Depicting the Gritty Streets of New York: These Artists "Consciously Broke Many of the Accepted Rules of Photography, [Yet] Shared a Common Vision and Objective: To Record Their Personal Responses to the Vivid and Often Violent City Surrounding Them."

USA TODAY, November 2006 | Go to article overview

Depicting the Gritty Streets of New York: These Artists "Consciously Broke Many of the Accepted Rules of Photography, [Yet] Shared a Common Vision and Objective: To Record Their Personal Responses to the Vivid and Often Violent City Surrounding Them."


PHOTOGRAPHERS WORKING in New York City in the years between the publication of Walker Evans' American Photographs in 1938 and Robert Frank's The Americans 20 years later profoundly changed the course of American photography. This fertile period in history is celebrated in an exhibition of some 75 images by 20 prominent artists, including key works by Evans and Frank; candid studies of children by Helen Levitt: vibrant and gritty compositions of the streets and street life by Louis Faurer and Ted Croner; evocative and lyrical views of the urban landscape by Roy DeCarava, Saul Leiter, and David Vestal; bold depictions of New York bars and nightclubs by Lisette Model; photographs of joy and alienation at Coney Island by Sid Grossman, Leon Levinstein, and Brace Davidson; and disturbing photographs of New York's latent violence by William Klein and Weegee, among others.

The artists featured were not part of an organized group, although many studied with Alexey Brodovitch, art director of Harper's Bazaar and founder of the Design Laboratory, or Grossman, who taught classes at the Photo League and in his New York apartment. However, this generation of photographers shared a common vision and objective: to record their personal responses to the vivid and often violent city surrounding them.

Encouraged by the teachings of Brodovitch and Grossman, they consciously broke many of the accepted rules of photography--they used available light, for instance, and allowed forms to be blurred, out of focus, and off-kilter--in order to reveal the city's energy and pace, vitality and vulgarity. Unlike their predecessors, their goal was not simply to document the city, but to re-create their experience of it. Organized by photographer, the exhibition highlights the novel techniques favored by these new artists, and their choices of subject matter and composition.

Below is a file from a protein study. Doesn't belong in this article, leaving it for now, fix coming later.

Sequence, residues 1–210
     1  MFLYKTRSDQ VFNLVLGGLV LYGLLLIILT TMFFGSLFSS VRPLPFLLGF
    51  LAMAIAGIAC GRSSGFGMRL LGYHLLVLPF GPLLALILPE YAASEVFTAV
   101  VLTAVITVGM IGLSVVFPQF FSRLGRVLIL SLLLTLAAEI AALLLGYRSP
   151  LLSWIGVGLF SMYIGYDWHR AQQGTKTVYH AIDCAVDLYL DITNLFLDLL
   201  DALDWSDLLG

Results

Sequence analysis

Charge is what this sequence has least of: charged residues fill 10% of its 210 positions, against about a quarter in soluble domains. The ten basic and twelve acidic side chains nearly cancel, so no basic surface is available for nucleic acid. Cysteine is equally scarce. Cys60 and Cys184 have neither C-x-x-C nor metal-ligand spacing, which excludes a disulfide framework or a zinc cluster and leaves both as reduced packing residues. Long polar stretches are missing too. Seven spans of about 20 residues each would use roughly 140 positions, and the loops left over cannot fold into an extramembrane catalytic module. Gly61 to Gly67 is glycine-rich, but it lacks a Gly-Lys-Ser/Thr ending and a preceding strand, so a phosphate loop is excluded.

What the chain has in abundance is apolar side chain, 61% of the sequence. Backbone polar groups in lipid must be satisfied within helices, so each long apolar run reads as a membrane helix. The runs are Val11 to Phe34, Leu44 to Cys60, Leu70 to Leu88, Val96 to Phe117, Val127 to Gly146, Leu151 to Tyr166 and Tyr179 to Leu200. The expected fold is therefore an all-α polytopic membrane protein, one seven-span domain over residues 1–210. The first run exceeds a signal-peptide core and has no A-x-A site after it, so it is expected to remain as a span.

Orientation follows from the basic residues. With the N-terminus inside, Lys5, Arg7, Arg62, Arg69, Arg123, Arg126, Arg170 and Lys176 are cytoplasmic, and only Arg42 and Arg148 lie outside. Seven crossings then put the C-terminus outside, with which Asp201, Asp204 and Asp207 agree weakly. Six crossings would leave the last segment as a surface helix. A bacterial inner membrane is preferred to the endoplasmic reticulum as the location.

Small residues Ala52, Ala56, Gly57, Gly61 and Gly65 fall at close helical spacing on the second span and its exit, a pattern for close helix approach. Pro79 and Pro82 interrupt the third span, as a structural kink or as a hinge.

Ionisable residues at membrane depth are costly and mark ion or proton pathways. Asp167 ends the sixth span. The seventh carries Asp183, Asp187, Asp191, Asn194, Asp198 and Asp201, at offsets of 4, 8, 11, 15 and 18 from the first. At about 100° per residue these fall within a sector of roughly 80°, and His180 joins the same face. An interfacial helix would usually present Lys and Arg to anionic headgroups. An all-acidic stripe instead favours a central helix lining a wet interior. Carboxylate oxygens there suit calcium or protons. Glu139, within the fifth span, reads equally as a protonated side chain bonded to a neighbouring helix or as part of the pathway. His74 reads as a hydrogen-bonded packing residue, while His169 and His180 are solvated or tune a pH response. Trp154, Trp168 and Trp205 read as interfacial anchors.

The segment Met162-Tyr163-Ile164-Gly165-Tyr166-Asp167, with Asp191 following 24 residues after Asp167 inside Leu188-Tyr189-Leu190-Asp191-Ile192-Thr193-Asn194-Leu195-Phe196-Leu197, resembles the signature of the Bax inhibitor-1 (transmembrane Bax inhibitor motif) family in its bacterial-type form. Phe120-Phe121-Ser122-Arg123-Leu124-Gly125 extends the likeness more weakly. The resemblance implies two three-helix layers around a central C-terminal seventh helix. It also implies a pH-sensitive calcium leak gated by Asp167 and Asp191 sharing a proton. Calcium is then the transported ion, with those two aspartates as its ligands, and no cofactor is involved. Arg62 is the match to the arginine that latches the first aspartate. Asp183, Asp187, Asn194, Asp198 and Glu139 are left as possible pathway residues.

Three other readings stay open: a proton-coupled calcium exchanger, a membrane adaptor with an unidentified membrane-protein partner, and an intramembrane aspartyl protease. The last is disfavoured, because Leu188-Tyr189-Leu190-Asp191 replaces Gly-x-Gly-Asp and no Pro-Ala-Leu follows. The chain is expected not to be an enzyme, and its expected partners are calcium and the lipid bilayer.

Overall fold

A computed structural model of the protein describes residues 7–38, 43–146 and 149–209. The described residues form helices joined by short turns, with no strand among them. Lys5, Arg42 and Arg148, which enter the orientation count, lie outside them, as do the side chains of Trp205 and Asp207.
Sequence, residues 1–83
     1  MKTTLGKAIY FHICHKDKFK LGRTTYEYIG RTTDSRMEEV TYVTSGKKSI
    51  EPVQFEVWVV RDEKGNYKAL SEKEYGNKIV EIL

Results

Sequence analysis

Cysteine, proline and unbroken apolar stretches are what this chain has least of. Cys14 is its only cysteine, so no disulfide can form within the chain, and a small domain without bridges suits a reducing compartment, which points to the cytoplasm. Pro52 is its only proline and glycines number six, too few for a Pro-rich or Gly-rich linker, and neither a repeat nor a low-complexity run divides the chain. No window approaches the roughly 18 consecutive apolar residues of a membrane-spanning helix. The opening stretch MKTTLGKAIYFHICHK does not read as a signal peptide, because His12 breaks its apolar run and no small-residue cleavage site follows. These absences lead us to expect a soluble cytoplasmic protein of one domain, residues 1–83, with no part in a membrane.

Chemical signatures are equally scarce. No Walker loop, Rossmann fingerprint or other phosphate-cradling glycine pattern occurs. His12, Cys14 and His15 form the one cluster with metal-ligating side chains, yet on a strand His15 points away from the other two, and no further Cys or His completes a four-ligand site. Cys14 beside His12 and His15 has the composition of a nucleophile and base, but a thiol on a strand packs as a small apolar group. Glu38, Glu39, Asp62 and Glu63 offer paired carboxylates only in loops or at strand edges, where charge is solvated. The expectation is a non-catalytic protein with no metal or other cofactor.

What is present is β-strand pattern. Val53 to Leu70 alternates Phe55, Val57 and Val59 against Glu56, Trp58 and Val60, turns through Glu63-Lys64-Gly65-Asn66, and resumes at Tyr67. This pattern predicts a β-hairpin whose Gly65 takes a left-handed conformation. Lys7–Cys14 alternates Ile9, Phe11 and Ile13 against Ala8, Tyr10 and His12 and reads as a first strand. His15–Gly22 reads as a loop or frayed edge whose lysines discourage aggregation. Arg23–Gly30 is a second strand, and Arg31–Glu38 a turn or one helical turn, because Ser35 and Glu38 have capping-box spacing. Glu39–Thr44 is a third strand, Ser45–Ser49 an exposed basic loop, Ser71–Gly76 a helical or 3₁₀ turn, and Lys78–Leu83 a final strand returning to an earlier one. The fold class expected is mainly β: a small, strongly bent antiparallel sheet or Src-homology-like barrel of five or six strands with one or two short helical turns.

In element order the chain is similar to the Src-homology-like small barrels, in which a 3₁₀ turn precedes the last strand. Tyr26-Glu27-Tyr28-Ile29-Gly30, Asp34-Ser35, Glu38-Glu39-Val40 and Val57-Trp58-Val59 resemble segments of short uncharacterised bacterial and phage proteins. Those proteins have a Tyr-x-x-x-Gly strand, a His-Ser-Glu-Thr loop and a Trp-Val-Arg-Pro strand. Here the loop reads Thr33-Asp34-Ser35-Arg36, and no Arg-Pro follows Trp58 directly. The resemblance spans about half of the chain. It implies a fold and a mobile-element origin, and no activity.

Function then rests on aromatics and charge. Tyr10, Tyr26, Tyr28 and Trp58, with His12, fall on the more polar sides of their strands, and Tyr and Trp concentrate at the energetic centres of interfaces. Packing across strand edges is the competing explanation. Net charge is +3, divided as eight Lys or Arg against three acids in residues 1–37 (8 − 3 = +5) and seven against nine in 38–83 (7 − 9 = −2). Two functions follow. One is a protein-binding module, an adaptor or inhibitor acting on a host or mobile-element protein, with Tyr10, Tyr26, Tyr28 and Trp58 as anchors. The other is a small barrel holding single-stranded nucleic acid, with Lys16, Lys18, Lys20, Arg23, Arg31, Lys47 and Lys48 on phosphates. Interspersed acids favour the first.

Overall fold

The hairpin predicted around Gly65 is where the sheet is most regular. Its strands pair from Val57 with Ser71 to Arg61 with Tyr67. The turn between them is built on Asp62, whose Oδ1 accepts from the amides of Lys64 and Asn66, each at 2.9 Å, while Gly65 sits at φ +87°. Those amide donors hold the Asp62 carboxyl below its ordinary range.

Among the photographs showcased, Evans' subway images, created between 1938-41, are some of the most iconic portraits of the period, and helped usher in a new era in photography. He created the photographs by concealing a 35mm camera under his coat--its lens protruding between his buttons and a shutter release down his sleeve. Relying entirely on chance and intuition, Evans did not raise the camera to his eye to frame the photograph, nor did he adjust the focus or exposure. This stealth allowed him to shoot subway riders without their knowledge, and thus capture them in "naked repose," as Evans noted. The resulting pictures are raw--full of energy and emotion--and marked a dramatic break from the highly composed images that had preceded them.

Levitt studied with Evans in 1938-39. Like him, she used a 35mm camera, but quickly developed her own fluid, graceful style, making tender, often witty photographs of children at play. …

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